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Fact Sheet ST-51
November 1993
Acer saccharum
Sugar Maple1
Edward F. Gilman and Dennis G. Watson2
Sugar Maple is the most common maple in the
east and is a hard-wooded tree with a moderate to
slow growth rate (Fig. 1). The tree will be 60 to 80
feet tall at maturity in landscape plantings. Sugar
Maple grows about 1 foot each year in most soils but
is sensitive to reflected heat, and to drought, turning
the leaves brown (scorch) along their edges. Leaf
scorch from dry soil is often evident in areas where
the root system is restricted to a small soil area, such
as a street tree planting. It is more drought-tolerant in
open areas where the roots can proliferate into a large
soil space.
Scientific name: Acer saccharum
Pronunciation: AY-ser sack-AR-rum
Common name(s): Sugar Maple
Family: Aceraceae
USDA hardiness zones: 3 through 8A (Fig. 2)
Origin: native to North America
Uses: Bonsai; wide tree lawns (>6 feet wide); screen;
shade tree; residential street tree
Availability: generally available in many areas within
its hardiness range
Figure 1. Middle-aged Sugar Maple.
Crown shape: oval; round
Crown density: dense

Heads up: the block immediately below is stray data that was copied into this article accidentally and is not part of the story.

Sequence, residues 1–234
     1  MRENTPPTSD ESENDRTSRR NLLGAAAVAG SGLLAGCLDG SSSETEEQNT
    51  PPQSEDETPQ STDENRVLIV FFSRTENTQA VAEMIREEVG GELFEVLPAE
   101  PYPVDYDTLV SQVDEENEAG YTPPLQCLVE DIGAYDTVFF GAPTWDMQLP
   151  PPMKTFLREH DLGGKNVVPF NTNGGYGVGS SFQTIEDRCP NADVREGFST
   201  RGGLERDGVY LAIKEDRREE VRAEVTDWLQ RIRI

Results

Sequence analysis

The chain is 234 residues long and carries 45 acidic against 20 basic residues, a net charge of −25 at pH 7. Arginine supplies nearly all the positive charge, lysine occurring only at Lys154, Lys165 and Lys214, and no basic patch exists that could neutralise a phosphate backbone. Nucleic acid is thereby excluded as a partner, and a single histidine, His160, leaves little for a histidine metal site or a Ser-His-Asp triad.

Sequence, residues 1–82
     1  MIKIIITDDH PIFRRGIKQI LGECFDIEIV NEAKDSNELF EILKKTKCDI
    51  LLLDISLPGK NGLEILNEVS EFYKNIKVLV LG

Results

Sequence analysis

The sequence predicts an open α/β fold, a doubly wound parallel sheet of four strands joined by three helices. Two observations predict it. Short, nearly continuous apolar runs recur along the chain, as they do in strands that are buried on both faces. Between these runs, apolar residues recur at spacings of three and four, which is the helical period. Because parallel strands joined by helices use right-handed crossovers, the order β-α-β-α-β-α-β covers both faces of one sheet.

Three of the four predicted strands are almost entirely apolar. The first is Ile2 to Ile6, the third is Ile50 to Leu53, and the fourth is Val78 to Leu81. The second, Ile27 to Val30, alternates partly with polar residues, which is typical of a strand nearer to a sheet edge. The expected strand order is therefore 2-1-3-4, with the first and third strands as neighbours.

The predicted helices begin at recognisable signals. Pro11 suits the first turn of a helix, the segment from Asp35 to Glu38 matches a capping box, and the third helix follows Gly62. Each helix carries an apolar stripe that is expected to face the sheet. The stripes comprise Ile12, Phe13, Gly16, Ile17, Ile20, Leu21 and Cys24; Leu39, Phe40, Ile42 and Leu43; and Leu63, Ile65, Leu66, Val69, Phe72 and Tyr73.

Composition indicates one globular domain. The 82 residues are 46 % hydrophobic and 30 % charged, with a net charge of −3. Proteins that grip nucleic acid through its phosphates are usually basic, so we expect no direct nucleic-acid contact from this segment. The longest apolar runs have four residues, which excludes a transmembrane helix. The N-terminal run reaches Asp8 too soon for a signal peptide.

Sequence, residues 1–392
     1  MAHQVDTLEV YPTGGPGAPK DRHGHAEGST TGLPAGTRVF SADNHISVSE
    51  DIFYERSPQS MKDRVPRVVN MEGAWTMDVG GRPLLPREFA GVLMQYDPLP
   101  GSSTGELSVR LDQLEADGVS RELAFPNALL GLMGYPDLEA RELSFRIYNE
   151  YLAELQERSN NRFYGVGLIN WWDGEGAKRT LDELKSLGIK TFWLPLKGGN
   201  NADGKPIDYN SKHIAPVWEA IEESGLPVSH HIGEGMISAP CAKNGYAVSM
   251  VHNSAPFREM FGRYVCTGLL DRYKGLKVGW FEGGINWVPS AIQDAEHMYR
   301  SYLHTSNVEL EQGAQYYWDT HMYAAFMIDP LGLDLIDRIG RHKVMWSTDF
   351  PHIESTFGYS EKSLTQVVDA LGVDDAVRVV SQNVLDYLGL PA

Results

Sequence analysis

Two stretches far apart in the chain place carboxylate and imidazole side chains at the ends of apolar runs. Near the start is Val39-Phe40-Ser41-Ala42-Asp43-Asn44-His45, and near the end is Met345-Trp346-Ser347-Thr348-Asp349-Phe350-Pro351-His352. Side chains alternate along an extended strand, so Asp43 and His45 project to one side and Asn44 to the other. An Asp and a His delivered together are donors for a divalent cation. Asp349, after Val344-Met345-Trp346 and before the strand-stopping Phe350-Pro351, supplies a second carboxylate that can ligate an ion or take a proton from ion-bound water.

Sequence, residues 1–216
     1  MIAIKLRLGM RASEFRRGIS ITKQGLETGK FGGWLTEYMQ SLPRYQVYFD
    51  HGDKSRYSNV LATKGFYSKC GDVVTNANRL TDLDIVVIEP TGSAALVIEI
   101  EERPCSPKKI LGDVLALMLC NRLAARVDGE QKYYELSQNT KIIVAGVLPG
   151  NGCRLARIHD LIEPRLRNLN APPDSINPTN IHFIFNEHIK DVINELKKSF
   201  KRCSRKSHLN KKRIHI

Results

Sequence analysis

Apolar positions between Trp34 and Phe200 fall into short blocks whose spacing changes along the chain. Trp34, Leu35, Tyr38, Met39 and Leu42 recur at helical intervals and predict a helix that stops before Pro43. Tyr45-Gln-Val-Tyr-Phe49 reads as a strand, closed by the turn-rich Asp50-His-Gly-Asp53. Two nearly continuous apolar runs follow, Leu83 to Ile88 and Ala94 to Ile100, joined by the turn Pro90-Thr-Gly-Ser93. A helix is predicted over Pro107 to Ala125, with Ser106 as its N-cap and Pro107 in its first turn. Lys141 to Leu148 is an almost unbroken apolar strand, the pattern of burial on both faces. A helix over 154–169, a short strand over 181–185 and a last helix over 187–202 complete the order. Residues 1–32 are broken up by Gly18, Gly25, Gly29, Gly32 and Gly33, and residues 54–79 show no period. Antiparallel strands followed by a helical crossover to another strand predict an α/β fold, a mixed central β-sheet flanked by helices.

Growth rate: medium
Texture: medium
Height: 50 to 80 feet
Spread: 35 to 50 feet
Crown uniformity: symmetrical canopy with a
regular (or smooth) outline, and individuals have more
or less identical crown forms
This document is adapted from Fact Sheet ST-51, a series of the Environmental Horticulture Department, Florida Cooperative Extension Service,
Institute of Food and Agricultural Sciences, University of Florida. Publication date: November 1993.
Edward F. Gilman, associate professor, Environmental Horticulture Department; Dennis G. Watson, associate professor, Agricultural Engineering
Department, Cooperative Extension Service, Institute of Food and Agricultural Sciences, University of Florida, Gainesville FL 32611.
Acer saccharum -- Sugar Maple
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Figure 2. Shaded area represents potential planting range.